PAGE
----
Capsule Wardrobe

Minimalism, capsule wardrobes and hobbies


‘Question. How can I be a minimalist with hobbies that require a ton of very specific equipment? Like backpacking and climbing?’ 
This was a DM I received on Instagram recently and as I used to have the same question, I felt it was worth writing an answer via a blog post so others could read it too.

My own question went something like ‘A capsule wardrobe is all well and good but what about all the stuff I need for horse riding and skiing?’ You see although I wanted to live with less there was no way I was ever going to give up my beloved hobbies – and I didn’t have to.

When I cut my wardrobe to the 32 items it currently stands at, I knew I’d need to tackle all the stuff I have for my hobbies too. It felt unfair to have to include my ski gear and riding breeches in my capsule wardrobe so I created mini capsules for these hobbies and decluttered all the equipment I didn’t use or need. I’m hoping that sharing what I’ve learnt along the way will be helpful for anyone else asking these questions.

You don’t need nearly as much as you think
The thing with hobbies (much the same as with everything else) is that we think we need so much more than we actually do. This is especially relevant when we buy more things/stuff thinking that this will help to make us better at said hobbie, sadly, the new saddle won’t make me a better rider. I ended up with so much stuff I never wore, knew how to use or even liked. Minimalism was the answer to this problem

Only keep the stuff you actually wear and use
On average we only use 20% of our wardrobes and hobby wardrobes are no exception. For a reality check, try putting all your hobby stuff in one place and when you’ve used it put it back in another. You’ll be left with a pile of stuff you don’t use and a pile of stuff you do. This will prove just how little you’re actually using. If you haven’t used it in a year, chances are you never will.

Avoid duplicates where you can
One ski jacket, one pair of riding breeches and one pair of riding boots. Avoiding those tempting duplicates can go a long way when it comes to keeping stuff to a minimum.

Buy less but better quality
Less but better is a fail safe recipe for keeping stuff to a minimum and making sure it lasts as long as possible. It’s a phrase that’s used over and over but there’s a good reason. The aforementioned one pair of riding breeches I own were purchased two years ago and are still going strong despite being worn every day. This is a much more cost effective approach and will take up less space too.

Try the ‘go without’ test
If you’re struggling with not knowing what to keep and what you can go without, try going without on a temporary basis. Put the things you’re unsure about into a box and put that box out of sight. If you need to get something out you can, but if it gets to 12 months and you haven’t needed the item, you know you can manage without. Top tip here; do NOT open the box after all that time. Old just in case feelings will stir and you’ll be left feeling confused. Just get rid!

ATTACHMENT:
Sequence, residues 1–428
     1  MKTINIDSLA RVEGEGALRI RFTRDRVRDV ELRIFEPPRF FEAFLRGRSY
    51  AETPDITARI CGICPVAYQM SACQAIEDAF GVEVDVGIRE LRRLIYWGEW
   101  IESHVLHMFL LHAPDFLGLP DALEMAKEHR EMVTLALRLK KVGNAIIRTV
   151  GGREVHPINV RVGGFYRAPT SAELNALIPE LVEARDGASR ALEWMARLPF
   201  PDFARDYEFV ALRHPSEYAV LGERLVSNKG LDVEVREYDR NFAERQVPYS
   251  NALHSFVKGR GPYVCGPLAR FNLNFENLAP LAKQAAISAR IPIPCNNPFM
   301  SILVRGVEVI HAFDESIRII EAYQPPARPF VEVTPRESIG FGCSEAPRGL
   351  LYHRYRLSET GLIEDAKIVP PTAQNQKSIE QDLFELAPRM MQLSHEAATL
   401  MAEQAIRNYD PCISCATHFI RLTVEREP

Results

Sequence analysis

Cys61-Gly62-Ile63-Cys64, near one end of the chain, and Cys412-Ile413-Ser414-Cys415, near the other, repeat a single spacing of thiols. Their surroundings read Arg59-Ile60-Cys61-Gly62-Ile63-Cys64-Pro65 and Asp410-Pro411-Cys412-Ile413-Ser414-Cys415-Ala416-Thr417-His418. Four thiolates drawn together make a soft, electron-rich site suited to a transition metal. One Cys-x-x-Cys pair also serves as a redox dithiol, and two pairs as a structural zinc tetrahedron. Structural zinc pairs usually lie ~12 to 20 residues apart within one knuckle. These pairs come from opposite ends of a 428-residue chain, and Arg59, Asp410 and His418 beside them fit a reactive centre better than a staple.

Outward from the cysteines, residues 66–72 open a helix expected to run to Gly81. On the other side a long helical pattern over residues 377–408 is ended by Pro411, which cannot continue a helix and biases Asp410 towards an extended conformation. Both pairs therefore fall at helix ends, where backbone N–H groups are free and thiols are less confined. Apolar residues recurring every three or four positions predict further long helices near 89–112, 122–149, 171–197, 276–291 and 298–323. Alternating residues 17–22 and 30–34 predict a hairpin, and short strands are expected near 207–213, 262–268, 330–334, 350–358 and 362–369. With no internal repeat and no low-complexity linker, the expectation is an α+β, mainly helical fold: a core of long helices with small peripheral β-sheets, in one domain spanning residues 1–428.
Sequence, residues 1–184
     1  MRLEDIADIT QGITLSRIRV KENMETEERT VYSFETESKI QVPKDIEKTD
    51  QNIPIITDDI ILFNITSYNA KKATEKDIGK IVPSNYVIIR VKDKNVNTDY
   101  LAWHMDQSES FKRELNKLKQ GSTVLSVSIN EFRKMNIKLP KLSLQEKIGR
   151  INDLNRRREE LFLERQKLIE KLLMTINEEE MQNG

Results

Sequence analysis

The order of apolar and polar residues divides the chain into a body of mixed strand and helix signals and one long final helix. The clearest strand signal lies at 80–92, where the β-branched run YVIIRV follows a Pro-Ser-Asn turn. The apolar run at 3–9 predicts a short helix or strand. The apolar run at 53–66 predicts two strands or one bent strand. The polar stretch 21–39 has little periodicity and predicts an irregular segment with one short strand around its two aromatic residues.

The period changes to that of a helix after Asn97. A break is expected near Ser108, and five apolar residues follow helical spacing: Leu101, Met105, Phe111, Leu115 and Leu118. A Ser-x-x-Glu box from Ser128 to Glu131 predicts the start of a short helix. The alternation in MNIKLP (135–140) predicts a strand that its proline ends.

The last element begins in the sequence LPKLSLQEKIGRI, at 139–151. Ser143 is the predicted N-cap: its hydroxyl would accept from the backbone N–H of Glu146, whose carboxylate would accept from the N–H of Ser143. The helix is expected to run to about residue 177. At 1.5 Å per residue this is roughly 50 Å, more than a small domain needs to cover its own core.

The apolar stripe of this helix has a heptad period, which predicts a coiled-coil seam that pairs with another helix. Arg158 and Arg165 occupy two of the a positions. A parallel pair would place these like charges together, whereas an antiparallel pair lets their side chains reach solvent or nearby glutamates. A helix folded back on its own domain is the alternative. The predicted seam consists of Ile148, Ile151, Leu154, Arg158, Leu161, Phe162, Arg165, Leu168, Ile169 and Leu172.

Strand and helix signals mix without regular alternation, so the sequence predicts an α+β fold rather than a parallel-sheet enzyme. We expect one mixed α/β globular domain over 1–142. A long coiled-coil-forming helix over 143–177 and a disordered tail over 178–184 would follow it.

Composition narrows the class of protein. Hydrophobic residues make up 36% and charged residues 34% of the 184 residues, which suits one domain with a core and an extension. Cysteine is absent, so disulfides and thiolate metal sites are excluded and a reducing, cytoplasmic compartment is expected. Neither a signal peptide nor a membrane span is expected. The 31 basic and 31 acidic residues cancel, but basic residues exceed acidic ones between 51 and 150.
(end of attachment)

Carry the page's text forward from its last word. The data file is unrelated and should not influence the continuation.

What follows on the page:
Think multi-functional items
This is impossible for my horse riding clothes – they generally stink of horses and all the smells that go with them, but you’ll regularly find me wearing my ski base layers at home in the winter under my usual clothes. It’s a great idea to double up where possible and have multifunctional clothes. Wearing yoga pants as lounge pants is fine! It’s also OK to walk the dog wearing my gym trainers – don’t limit the use of your things.

Make sure everything goes together
Looking at your wardrobe as a whole instead of segregating outfits will make it all blend together. When I’m on the hunt for a new item, I’ve always got the rest of my wardrobe in the back of my mind. Will it go with everything? If the answer is no, I step away. The same applies to stuff for hobbies.

Stick to a simple colour palette
This will make my previous point easy peasy. Search minimalist wardrobe and monochrome will flood your screen. It doesn’t have to be monochrome, but sticking to a few complimentary colours will make life easier. It makes outfit curation much easier and those ‘does this go together?’ moments become non existent.

Have you got cupboards overflowing with clothes for your hobbies? Do you find it difficult to pare it all down to the essentials only? If I missed any tips you found useful, let me know in the comments below…

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Minimalism, capsule wardrobes and hobbies. How to be a minimalist when you have hobbies | Minimalist living | Capsule Wardrobe | Simple living

6 comments on “Minimalism, capsule wardrobes and hobbies”

  1. When I got really into Yoga a couple of years ago, I went full maximalist. I had soooo much yoga gear. If anyone ever saw inside my closet, they’d be horrified. I’ve managed to sell or donate a good chunk of it, but there’s still more to minimize. It’s important to remember that if you love something for your hobby and you actually use it, you can keep it! Forced minimizing won’t make you love your hobby more. Plus, hobbies are expensive. So if you get rid of something prematurely and end up having to replace it, your wallet is going to take the hit.

  2. hehe I am also the girl that wears all black and rides her white horse 😛 but seriously – so much gear that accumulates over the years and not just my own – how many blankets does one horse need? Only one for every blanket they could potentially wreck haha

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